Better Off Without A Wife

All my friends are married
Every Tom and Dick and Harry(2)
You must be strong if you're to go it alone
Here's to the bachelors and the Bowery(3) bums(4)
Those who feel that they're the ones
That are better off without a wife

Cause I like to sleep until the crack of noon(5)
Midnight howlin' at the moon
Goin' out when I want to,
And I'm comin' home when I please
Don't have to ask permission
If I wanna go out fishin'
Never have to ask for the keys

I've never been no Valentino(6)
But I had a girl who lived in Reno(7)
Left me for a trumpet player
Well, it didn't get me down
He was wanted for assault
And though he said it weren't his fault
You know the coppers(8) rode him right out of town(9)

I'll be sleeping until the crack of noon
Midnight howlin' at the moon
And I'll be goin' out when I want to
Comin' home when I please
Don't have to ask permission
If I wanna go out fishin'
Never have to ask for the keys

Yeah, you see I'm kinda selfish about my privacy
Now as long as I can be with me
We get along so well I can't even believe it
I love to chew the fat(10) with folks
I'll be listening to all your dirty jokes
I'm so thankful for these friends I do receive

I'll be sleeping until the crack of noon
Midnight howlin' at the moon
And I'll be goin' out when I want to
Comin' home when I please
Don't have to ask permission
If I wanna go out fishin'
Never have to ask for the keys, no

Hey, I got this girl I know, man, and I just...
She's been married several times and...
I don't wanna end up like her.
I mean, she's been married so many times
she's got rice-marks all over her face.
Yeah, you know the kind...

Written by: Tom Waits
Published by: Fifth Floor Music Inc. (ASCAP), ©1975
Official release: Nighthawks At The Diner, Elektra/ Asylum Records, 1975

Known covers:
Stilte Als Refrein. Johan Verminnen. 1976 (Beter Zonder Wijf). Jean Kluger (Belgium)
The Piano Has Been Drinking. The Piano Has been Drinking. April, 1990. Chlodwig /BMG Germany (in German/ Kölsch)
Live 1989-1993. The Piano Has Been Drinking. November 15, 1993. Chlodwig /BMG Germany (in German/ Kölsch)
Step Right Up (The Songs Of Tom Waits). Various artists. November, 1995. Manifesto Records. Performed by Pete Shelley
East Of Sunset - Soundtrack. Various artists. September 13, 2005. Manifesto Records. Performed by Pete Shelley (same version as on Step Right Up, 1995)
Dolphin Blue Live. Dolphin Blue. December, 2007. Rising Sun Productions (German CDR)

Waits performing "Better Off Without A Wife". Solo at the piano. Taken from "Soundstage" PBS television show on Tom Waits and Mose Allison. Chicago/ USA (aired December 22, 1975, recorded November 3, 1975 or earlier).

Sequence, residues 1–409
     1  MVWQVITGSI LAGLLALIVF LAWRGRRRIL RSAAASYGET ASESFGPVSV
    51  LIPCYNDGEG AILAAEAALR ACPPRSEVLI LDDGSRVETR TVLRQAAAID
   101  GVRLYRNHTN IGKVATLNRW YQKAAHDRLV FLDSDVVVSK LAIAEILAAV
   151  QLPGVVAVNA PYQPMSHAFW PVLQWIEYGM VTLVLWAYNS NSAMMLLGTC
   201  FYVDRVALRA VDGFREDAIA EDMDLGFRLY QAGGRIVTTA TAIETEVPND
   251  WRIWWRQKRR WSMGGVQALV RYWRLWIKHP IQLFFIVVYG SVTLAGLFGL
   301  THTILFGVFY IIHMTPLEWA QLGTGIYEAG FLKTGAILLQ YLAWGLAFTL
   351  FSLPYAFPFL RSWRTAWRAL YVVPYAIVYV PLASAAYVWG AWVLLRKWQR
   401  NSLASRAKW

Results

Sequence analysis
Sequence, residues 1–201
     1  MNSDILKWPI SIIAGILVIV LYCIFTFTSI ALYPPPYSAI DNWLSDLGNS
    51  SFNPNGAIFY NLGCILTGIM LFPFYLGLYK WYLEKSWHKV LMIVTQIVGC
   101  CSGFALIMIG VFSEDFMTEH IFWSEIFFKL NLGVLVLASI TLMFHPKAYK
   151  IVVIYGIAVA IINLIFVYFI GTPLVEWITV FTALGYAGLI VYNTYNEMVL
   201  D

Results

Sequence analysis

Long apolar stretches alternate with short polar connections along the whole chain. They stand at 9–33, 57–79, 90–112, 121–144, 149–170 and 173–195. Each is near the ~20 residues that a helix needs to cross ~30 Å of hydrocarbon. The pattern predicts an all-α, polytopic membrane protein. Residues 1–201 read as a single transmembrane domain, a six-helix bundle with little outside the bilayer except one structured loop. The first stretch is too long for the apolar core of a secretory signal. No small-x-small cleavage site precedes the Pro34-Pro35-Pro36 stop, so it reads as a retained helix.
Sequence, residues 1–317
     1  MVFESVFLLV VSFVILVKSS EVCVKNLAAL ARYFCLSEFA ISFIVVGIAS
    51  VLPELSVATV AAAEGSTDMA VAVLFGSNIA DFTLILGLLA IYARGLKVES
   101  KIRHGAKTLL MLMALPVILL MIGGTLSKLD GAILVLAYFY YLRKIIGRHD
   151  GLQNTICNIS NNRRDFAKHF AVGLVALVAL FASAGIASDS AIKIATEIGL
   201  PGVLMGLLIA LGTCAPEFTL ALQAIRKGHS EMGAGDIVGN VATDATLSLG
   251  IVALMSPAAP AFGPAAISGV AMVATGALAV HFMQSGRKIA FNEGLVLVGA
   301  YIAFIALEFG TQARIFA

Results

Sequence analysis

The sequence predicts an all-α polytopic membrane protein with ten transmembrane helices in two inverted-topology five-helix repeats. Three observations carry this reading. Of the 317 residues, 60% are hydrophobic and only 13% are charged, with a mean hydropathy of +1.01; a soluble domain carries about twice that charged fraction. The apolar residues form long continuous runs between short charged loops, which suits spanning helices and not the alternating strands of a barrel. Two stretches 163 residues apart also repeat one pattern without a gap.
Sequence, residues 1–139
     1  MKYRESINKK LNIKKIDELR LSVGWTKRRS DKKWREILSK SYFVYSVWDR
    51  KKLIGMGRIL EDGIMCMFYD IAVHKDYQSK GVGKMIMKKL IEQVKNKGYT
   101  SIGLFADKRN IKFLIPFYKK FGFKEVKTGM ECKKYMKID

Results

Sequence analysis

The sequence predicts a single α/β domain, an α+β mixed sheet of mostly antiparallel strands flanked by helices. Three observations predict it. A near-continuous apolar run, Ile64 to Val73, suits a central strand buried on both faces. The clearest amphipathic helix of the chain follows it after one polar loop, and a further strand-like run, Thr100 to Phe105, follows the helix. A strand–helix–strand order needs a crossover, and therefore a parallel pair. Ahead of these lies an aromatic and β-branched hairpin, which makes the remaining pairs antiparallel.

(1) Intro from "Nighthawks At The Diner": "For all the bachelors out there tonight. Yeah, for anybody who's ever whistled this song (plays the wedding march). Or maybe you've whistled it but you've lost the sheet music. Eh-heh-heh-heh. This is eh.... Well, actually, I don't mind going to weddings or anything. As long as it's not my own, I show up. But, eh... I've always kind of been partial to calling myself up on the phone and asking myself out. You know... (whoops from the audience). Oh yeah, you call yourself up too, huh? Yeah... Well, one thing about it, you're always around! Yeah, I know. Yeah, you ask yourself out, you know. Some class joint somewhere. The Burrito King or something. You know... Well, I ain't cheap, you know. Take yourself out for a couple of drinks maybe, you know. Then you'll be... some provocative conversation on the way home. And park in front of the house, you know, and you... Oh yeah, you´re smooth with it... you know, you put a little nice music on. Maybe you put on like... you know... like shopping music, something that's not too interruptive, you know. And then, you know, and eh... slide over real nice, you know, say, 'Oh, I think you have something in your eye'. Eh-heh-heh. Well, maybe it's not that romantic with you, but Christ, I... you know! It ain't... you know... Take myself up to the porch, and take myself inside. Oh, maybe... I make a little something, a brandy snifter or something. Would you like to listen to some of my back records. I got something here... Well, usually about 2.30 in the morning you've ended up taking advantage of yourself and... there ain't no way around that, you know. Yeah, making the scene with a magazine, there ain't no way around... I'll confess, you know, I'm no different, you know. I'm not weird about it or anything. I don't tie myself up first, I just... you know. I just kind of... spend a little time with myself. So this is kind of a little anthem here..." (Submitted by Ulf Berggren as sent to Raindogs Listserv Discussionlist, October 31, 1999) 

Make the scene with the magazine, to: phr. [1900s] to masturbate, [joc. use of make the scene + assonance, with ref. to the 'men's magazines' used for stimulation] (Source: "Cassell's Dictionary Of Slang". Jonathon Green. Cassel & Co., 1998. ISBN: 0-304-35167-9)

Tom Waits (Intro from Coffee Break radio show, 1975): "Well here's one about eh... matrimony... Eh, it's kind of an old song I kept working around eh... I used to do it like a blues and it ended up like a little ballad, like a little anthem. But this is kind of a eh... Well I don't have any personal vendetta against the constipation of holy matrimony, but this is just kind of a... " (Source: Coffee Break Concert Interview: The Coffee Break Concert radio show on WMMS-FM (Cleveland/ USA). Conducted by Kid Leo (Lawrence James Travagliante). December 3, 1975)